Purpose of review
Work-related and environmental lung disease is increasing over time and new antigens causing pulmonary response are described in medical literature every year with more or less specific imaging findings. The purposes of this review are to highlight the current role of imaging, describe classic as well as uncommon high-resolution computed tomography (HRCT) patterns helpful in guiding diagnosis and update the recent literature on this topic.
Recent literature on imaging of occupational and environmental lung disease is scarce and is predominantly based on the HRCT appearance related to specific antigen exposure and on prognostic significance of findings.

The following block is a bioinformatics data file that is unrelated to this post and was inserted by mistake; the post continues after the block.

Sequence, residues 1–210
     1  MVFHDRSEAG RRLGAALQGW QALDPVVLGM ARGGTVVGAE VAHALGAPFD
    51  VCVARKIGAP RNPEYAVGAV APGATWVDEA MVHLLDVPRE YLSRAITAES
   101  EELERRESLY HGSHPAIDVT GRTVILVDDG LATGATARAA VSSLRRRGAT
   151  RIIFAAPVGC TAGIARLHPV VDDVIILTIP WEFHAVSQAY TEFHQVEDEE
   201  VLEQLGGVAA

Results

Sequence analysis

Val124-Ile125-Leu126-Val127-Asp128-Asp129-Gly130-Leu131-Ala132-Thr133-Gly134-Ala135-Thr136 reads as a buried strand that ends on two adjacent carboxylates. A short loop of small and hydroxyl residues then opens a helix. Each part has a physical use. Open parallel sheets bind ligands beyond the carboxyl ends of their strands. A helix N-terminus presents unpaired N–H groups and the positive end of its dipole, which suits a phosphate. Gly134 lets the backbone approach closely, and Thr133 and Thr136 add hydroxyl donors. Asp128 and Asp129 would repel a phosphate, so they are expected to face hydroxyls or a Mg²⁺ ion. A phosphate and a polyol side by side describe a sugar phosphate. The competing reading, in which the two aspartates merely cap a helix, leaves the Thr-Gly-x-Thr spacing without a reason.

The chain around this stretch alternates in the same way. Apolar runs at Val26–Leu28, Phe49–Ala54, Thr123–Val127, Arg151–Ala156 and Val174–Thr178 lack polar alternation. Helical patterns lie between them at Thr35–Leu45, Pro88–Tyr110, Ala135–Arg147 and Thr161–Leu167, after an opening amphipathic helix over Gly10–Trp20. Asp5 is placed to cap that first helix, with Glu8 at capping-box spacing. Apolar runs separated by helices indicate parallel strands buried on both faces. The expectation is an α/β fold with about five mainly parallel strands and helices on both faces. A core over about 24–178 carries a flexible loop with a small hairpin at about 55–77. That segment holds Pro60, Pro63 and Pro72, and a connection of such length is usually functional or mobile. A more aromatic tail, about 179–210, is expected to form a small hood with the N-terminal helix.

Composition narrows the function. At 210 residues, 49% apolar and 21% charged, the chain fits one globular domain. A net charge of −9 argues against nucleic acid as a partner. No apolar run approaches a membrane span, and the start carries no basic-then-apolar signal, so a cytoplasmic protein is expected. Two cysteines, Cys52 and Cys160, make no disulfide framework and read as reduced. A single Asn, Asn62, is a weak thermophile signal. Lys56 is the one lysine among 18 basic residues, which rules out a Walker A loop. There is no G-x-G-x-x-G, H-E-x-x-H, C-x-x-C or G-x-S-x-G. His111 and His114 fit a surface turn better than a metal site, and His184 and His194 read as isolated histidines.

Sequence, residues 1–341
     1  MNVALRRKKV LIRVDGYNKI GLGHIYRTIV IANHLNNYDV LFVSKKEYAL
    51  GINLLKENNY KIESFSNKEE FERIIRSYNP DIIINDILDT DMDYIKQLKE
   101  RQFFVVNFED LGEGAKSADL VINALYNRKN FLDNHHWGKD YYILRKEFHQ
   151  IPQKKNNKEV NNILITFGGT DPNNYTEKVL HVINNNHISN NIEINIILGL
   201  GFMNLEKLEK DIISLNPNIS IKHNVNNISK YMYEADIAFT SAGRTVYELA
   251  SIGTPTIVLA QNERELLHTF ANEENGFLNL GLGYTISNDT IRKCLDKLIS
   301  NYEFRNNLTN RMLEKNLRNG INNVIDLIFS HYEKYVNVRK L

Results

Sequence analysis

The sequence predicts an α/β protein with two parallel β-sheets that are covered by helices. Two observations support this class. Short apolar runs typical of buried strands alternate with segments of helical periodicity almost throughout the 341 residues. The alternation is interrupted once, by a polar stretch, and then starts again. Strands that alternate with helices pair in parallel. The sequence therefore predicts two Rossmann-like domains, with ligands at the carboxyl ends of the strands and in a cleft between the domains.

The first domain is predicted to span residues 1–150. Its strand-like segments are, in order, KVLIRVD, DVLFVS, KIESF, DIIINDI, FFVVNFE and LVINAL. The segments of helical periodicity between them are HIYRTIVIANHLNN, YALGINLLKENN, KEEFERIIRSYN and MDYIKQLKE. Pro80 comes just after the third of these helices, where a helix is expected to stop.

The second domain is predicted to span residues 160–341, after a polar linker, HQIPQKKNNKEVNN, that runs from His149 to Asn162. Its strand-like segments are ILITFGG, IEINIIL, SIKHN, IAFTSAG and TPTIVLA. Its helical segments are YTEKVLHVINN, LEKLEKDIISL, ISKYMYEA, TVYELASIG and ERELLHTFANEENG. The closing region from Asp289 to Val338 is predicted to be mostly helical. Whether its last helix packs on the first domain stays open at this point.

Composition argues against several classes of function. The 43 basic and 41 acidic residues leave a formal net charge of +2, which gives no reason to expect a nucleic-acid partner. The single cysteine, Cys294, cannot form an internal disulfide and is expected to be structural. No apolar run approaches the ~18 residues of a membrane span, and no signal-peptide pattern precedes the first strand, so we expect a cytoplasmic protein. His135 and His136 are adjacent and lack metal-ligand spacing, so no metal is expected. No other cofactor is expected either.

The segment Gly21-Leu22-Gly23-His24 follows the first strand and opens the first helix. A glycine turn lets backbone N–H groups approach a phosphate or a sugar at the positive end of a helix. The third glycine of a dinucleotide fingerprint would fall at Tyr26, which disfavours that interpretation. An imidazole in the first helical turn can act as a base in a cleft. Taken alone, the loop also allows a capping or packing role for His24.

Knowledge of imaging modality potential and radiologic appearance may guide identification, characterization and follow-up of old and new occupational and environmental lung diseases. HRCT plays a key role in this context, having radiation exposure as a major limitation, especially in asymptomatic patients. Low-dose HRCT has the potential to be employed for screening and surveillance of the exposed individuals. However, future research is needed to further this field.